Griggs clarifies chain of command as he focuses on Italy
Veteran Molloy omitted from squad as coach makes three changes to starting Ireland XV
Stacey Flood: starts at No 10 against Italy having excelled as the outhalf replacement against France – so Hannah Tyrrell makes way. Photograph: Bryan Keane/Inpho
Ireland head coach Adam Griggs, speaking ahead of the final Six Nations match against Italy at Donnybrook on Saturday (12pm kick-off, live RTÉ Two), began yesterday’s press conference with an explanation.
“I fielded a question on Tuesday around the domestic game and who was in charge,” said Griggs.
“On reflection, I probably wasn’t as clear as I could have been so I feel it is important to acknowledge the work that Collie McEntee [IRFU director of rugby development] and Amanda Greensmith [women’s development manager] and the domestic game do in running our pathways and also our interprovincial series, so hopefully that can clear up some of the comments that were made.”
Griggs stated that he was “put on the spot” by two questions, asking him who runs the women’s game below the international squad.
“I know that we are running it as a body but you are looking for names and I am unable to give you names of who is running it,” he said on Tuesday.
Come Thursday, the New Zealander added: “The questions are understandable. What we have in place is a really good model and a good structure. There is more work to be done in terms of growing the game, get the numbers up which will improve the competitiveness at the top level of the game.
“It was important to make that clarification.”
However, Griggs refused to answer two more questions about why both of the IRFU’s formal press conferences the week of a major Test match took place without any players, even captain Ciara Griffin, who is now doing a Captain’s Run media interview on Friday morning.
Griggs is a professional IRFU coach, working with the Sevens programme, who came through the Canterbury Crusaders academy before helping Lansdowne win the AIL in 2015.
The situation he finds himself in is similar to his predecessor, Tom Tierney, in that he is repeatedly asked questions about the women’s game and its structures that only his employers can answer.
Greensmith, capped 20 times by Ireland between 2002 and 2007, doubles up as a “women’s development officer” for Munster, according to her Linkedin page.
McEntee was Leinster academy manager for eight years, up to 2012, before switching back to work in the IRFU head office. As a player he togged for Naas, Greystones, Lansdowne and Leinster.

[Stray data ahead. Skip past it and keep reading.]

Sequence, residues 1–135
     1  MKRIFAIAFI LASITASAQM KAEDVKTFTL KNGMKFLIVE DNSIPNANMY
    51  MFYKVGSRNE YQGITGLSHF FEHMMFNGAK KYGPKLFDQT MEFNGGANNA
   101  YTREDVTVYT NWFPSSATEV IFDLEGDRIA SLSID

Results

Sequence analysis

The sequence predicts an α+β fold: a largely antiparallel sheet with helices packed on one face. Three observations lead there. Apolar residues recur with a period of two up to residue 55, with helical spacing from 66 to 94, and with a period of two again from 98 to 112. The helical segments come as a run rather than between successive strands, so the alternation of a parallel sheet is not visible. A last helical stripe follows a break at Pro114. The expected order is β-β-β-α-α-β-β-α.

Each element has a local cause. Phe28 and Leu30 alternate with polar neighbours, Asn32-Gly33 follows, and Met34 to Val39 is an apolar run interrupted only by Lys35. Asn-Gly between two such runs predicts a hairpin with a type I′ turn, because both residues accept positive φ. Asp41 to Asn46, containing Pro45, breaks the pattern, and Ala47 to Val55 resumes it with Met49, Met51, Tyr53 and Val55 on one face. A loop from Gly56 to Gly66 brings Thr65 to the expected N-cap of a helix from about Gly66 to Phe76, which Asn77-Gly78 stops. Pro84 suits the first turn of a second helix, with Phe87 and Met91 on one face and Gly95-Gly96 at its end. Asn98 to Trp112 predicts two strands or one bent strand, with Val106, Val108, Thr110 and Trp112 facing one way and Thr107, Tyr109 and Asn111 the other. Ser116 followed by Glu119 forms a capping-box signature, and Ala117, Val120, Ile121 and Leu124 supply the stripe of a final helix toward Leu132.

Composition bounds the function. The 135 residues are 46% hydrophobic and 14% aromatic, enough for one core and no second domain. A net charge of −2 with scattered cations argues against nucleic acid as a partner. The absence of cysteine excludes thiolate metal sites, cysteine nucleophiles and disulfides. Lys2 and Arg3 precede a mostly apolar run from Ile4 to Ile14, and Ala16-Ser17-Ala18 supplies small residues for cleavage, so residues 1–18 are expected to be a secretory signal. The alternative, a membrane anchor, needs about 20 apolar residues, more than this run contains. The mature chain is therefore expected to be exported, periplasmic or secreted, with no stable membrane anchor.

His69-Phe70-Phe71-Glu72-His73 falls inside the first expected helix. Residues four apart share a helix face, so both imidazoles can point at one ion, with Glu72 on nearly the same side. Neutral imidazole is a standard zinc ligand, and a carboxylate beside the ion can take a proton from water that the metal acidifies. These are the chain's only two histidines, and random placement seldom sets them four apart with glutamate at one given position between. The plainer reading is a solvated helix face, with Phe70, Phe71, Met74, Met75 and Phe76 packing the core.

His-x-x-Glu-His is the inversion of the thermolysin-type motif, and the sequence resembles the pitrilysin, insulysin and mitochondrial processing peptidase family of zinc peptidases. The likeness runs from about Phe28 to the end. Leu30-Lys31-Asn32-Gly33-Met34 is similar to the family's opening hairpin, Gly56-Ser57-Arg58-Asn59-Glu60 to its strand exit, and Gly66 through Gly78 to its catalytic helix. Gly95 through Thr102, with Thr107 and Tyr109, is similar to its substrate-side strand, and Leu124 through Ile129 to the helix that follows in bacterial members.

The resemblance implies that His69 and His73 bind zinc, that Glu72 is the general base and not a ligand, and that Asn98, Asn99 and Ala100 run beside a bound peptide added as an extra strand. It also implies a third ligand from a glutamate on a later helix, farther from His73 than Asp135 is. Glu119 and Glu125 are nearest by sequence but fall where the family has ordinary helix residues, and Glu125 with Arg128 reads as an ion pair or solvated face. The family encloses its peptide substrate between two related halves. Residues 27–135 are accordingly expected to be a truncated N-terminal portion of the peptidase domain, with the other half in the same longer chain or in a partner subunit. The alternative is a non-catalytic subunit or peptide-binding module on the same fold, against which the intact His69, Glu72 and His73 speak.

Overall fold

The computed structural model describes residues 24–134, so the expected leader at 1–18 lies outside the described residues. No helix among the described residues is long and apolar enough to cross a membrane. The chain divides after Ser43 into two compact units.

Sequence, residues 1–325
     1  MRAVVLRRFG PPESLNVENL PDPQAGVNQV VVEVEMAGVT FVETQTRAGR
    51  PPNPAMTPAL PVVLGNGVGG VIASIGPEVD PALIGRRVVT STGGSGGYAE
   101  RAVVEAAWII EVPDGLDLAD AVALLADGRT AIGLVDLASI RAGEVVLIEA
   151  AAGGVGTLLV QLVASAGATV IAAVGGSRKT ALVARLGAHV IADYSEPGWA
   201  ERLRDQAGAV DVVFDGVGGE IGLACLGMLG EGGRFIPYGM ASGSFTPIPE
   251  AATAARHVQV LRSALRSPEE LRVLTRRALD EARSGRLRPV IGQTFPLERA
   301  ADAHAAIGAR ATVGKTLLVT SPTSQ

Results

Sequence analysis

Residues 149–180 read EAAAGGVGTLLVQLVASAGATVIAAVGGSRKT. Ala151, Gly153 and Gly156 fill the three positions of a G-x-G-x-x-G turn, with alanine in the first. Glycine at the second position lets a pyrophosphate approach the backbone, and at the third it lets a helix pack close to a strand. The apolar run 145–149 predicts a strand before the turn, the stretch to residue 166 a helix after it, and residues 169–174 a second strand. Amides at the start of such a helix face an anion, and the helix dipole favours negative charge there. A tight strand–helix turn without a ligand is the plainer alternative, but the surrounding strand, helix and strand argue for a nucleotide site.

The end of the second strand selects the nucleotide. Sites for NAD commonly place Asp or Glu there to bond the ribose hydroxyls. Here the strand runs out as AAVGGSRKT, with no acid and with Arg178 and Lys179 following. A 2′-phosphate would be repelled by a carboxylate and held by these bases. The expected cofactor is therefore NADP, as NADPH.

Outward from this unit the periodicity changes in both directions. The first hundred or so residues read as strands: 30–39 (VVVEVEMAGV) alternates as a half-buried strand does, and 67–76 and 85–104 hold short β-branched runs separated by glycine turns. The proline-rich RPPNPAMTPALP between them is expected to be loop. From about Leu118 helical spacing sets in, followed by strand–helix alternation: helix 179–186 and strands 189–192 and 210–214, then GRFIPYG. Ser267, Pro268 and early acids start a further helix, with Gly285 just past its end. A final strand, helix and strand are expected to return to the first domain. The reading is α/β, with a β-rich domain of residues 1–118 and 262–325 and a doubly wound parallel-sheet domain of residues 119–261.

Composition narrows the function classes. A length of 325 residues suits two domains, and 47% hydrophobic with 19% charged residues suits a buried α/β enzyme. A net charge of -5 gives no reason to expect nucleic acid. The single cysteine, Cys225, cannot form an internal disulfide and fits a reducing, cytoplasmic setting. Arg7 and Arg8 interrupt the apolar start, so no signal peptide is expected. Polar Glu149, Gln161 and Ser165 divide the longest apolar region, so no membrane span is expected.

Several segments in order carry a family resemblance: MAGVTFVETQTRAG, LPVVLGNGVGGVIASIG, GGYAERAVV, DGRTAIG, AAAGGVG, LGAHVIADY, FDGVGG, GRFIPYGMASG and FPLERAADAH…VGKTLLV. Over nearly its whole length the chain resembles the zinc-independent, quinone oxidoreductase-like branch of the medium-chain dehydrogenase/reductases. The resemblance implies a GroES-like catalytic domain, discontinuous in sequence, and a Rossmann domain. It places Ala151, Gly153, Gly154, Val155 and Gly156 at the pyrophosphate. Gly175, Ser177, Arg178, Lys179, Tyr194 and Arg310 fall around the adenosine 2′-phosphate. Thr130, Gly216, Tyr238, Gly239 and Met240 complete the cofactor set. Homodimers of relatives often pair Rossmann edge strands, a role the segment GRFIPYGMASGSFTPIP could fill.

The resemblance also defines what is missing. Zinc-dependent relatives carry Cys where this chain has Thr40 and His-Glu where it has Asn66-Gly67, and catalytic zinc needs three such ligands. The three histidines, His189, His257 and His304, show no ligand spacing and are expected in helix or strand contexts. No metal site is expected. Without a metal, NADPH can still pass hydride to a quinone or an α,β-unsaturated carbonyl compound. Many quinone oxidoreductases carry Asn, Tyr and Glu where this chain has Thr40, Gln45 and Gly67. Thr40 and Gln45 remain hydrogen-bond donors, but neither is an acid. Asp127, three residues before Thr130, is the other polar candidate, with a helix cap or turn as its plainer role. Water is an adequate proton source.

Griggs confirmed that Claire Molloy, Ireland’s most experienced player, has been dropped from the match-day squad to face Italy following last week’s 56-15 loss to France. Molloy was the last link to the 2013 Grand Slam team that also reached the 2014 World Cup semi-final.
“I had a good conversation with Claire,” he said. “She is one of our most experienced players, very level-headed, and I set her a couple of targets away from the group that I feel she can keep improving on.
“That is the beauty of this game – you can have 70 odd caps and still be learning things. She is the first to admit that a couple parts of her performance weren’t up to scratch, and she knows that this is a competitive squad.
“Around players coming into the starting side, we have talked about building depth and improving competition. I wouldn’t be true to my word if we are not giving the other players a shot.”
Ulster’s Brittany Hogan comes into the backrow at openside, instead of Molloy, with Railway Union’s promising flanker Grace Moore set to be capped off the bench.
Twice capped Stacey Flood wears number 10, after she excelled as the outhalf replacement against France, so Hannah Tyrrell makes way.
The third change to Griggs’ starting XV sees Amee-Leigh Murphy Crowe on the right wing instead of Lauren Delany while Harlequins prop Leah Lyons and Malone’s Neve Jones replace Emma Hooban and Katie O’Dwyer as frontrow cover.
The game was initially scheduled for Parma but the Italian federation agreed to the Dublin switch so Irish amateur players can avoid quarantining on their return home. Many of them have careers to return to on Monday morning.